bulk food section

David’s full of insight lately, let me tell you.

If you haven’t been won over yet by his theories, be sure to check out his thoughts on what makes a news story go viral.

Next up: the most dangerous section of your grocery store.

First, I’d like to note that Dr. Oz has a most informative article on his site about the Supermarket Secrets that Can Make You Sick, and while he does address the bagel bin (don’t even get me started on what is often found at the bottom of the bagel bin), he did not address the bulk section. So David feels it’s incumbent upon him (meaning me) to let you in on this.

“Old people in the bulk section at Sprouts are more dangerous than unattended children,” he declared as he hoisted 4 bulging recycled grocery bags onto the kitchen counter.

I kind of tuned him out. Because I thought that was just kind of a mean thing to say. Right?

But, apparently, I misunderstood.

“You don’t understand,” he clarified. “They eat right out of the bins, and they push carts through the store simply so that they can have the handle bar to rest their teeny tiny cup of complimentary coffee on, so the carts take up the entire aisle while they test stuff and then put what they don’t like back in the bin.”

I suppose the silence had him concerned that I wasn’t listening. But I was listening. Just unable to respond. Because I was trying to process the fact that my days enjoying the bulk section were over.

“Do you realize,” he continued, clearly taking advantage of the fact that I was indeed listening, “that I had to forgo purchasing my almond clusters because I looked in that bin and thought, ‘What if that one was touched?’ or ‘What if THAT one made it to someone’s MOUTH and then they decided they didn’t like it and put it BACK?’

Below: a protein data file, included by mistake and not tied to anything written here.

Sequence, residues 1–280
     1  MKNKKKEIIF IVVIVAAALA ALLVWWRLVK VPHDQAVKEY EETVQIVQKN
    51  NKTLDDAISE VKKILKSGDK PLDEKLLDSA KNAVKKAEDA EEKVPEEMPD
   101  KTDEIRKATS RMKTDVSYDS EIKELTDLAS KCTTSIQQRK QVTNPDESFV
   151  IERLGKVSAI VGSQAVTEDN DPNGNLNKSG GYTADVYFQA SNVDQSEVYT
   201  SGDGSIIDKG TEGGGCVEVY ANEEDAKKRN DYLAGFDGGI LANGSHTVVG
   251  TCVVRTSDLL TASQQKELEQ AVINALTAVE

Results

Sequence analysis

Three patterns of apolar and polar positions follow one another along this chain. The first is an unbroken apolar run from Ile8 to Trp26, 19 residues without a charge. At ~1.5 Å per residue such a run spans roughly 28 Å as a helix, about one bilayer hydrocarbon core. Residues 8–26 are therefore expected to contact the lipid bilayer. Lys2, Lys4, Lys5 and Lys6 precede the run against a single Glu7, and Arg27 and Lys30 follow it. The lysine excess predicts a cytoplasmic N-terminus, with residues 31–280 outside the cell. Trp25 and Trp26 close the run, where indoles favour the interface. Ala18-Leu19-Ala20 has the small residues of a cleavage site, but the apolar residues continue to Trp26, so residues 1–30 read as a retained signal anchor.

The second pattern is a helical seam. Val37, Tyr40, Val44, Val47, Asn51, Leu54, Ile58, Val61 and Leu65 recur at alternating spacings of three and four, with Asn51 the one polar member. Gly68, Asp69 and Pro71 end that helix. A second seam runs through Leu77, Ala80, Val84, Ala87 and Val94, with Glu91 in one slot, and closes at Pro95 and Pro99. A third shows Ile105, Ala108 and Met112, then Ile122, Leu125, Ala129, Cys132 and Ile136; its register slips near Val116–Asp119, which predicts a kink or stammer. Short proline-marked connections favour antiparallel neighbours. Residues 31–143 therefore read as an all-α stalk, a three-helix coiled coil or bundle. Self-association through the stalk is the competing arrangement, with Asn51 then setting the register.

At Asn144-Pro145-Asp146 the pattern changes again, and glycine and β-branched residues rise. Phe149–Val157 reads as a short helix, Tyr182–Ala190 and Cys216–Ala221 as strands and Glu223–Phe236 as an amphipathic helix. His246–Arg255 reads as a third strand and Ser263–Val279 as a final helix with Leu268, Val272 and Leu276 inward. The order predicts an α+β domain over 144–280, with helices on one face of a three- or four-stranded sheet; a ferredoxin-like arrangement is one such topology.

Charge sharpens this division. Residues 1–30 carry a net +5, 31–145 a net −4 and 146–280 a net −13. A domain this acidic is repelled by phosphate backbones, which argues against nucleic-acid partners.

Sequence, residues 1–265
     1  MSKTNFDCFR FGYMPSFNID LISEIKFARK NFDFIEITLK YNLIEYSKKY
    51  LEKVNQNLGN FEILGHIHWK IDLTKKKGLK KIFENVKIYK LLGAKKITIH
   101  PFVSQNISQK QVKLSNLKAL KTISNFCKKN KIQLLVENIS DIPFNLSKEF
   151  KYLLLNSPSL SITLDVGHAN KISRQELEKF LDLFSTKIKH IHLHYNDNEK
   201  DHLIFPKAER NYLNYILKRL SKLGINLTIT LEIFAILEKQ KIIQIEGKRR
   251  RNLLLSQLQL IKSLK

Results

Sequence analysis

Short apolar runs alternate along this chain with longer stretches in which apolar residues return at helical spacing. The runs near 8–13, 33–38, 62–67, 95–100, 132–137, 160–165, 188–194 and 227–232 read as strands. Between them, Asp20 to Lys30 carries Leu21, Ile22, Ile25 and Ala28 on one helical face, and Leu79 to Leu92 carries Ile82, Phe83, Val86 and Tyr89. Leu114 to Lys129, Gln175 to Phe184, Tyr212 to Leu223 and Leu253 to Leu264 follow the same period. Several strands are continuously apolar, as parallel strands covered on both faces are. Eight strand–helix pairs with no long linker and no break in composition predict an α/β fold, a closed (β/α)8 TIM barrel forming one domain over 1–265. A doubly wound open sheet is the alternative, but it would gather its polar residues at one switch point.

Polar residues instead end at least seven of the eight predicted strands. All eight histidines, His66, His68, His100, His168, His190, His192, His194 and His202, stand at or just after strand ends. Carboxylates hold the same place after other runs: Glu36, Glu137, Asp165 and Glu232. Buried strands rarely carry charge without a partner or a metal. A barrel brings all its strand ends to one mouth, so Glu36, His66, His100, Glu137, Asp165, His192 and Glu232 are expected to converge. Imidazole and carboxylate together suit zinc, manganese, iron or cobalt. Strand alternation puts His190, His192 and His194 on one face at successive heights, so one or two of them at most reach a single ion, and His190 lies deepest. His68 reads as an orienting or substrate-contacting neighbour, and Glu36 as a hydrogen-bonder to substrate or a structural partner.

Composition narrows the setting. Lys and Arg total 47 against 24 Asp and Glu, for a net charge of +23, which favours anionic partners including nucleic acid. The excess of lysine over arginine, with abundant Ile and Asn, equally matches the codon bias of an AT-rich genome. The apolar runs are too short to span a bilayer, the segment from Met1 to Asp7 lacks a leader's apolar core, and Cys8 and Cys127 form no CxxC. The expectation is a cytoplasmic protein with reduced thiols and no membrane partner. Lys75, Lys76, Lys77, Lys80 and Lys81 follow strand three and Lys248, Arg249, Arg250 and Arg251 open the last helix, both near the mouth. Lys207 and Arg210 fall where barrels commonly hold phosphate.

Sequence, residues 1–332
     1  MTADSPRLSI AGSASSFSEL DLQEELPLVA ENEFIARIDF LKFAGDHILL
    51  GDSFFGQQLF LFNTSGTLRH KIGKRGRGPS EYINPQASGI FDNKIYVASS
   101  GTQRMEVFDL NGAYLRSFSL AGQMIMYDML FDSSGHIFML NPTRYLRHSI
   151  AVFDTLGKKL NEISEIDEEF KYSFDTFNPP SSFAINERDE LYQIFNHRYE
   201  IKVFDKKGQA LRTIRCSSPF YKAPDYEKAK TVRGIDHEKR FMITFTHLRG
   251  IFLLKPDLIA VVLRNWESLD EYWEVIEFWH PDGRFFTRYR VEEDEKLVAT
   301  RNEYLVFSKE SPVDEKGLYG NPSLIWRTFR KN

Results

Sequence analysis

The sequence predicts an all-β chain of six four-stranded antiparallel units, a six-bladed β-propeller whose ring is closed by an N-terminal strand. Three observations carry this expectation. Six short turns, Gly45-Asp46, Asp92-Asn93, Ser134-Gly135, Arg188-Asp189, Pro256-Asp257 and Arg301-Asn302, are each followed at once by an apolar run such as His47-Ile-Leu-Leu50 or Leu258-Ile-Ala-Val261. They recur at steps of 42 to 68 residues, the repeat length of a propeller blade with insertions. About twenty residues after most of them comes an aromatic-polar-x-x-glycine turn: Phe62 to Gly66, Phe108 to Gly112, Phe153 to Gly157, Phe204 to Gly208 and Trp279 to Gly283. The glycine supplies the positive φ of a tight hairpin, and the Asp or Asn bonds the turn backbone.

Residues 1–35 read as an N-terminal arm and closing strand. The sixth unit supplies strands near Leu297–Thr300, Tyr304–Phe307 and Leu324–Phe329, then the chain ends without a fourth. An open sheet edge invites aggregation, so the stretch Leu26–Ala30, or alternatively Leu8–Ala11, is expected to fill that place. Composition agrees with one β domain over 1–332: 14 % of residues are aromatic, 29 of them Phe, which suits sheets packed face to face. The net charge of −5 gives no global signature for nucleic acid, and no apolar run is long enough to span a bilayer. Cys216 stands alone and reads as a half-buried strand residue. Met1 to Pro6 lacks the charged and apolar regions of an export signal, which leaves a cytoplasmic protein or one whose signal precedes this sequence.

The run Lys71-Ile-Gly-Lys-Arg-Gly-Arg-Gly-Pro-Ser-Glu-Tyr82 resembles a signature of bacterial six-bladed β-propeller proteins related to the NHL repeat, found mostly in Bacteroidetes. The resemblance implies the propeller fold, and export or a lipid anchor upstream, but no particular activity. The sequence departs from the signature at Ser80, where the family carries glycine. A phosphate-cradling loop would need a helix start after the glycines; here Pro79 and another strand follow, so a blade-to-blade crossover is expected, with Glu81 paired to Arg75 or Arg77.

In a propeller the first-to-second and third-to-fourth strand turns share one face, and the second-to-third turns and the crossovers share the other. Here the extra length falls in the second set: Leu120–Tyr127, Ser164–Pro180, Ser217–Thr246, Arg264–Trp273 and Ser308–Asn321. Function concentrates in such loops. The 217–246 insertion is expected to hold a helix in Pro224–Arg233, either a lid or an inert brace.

“And then, I thought, ‘Well, I could do what Liz does, and grab the item from the back or, in this case, the bottom. But what if the person before me did that and so now what was on the bottom is now on the top and vice versa and I’m just unknowingly contaminating myself?’”

“It matters not,” I flatly stated. “We are done with the bulk section. At least, we are done with clusters, nuts and trail mix. And if you ever see anyone eating almond flour or sea salt out of their hand, we’re done with that too.”

This whole situation has kind of ruined us. But I’ll look on the bright side: after 13 years of marriage (I think it’s been 13), it’s comforting to know that we still have that one germaphobic thing very much in common.

red panic button

There’s a New Yorker cartoon that’s so fantastic I’ve framed it. It features a guy lying on a couch in his therapist’s office, worrying, “But if you cure my hypochondria I won’t have any hobbies.”

I understand his concern. Perhaps too well.

When I came into the kitchen this morning, David said, “Your children are learning some wonderful lessons from you.”

Sensing his sarcasm, I asked, “Oh, to which quality of mine do you refer? My drive to run a marathon? Or perhaps my disdain for cookies?”

Rolling his eyes, he continued. “Grace came down this morning and said her stomach was sore.”


“She then immediately wondered if her stomach area is where her pancreas is.”

I saw where this was going.

“Did you remind her,” I asked, “that she did a lot of sit-ups with me yesterday as I suffered through Jillian Michaels’ 20-minute Shred?” (Which, by the way, should be renamed Jillian Michaels’ 20 minutes of pure, unadulterated hell.)

“Yes, I did. But I think that the bigger issue is that she did remember that…and then asked if a pancreas can explode.”

“Where is she?” I asked.

“Well, I think she’s consulting with your favorite person, Dr. Google.”

So my finest traits aren’t the only ones my oldest has adopted. But she does like to eat cookies with me.

What personality traits have your kids picked up from you that you wish they hadn’t?

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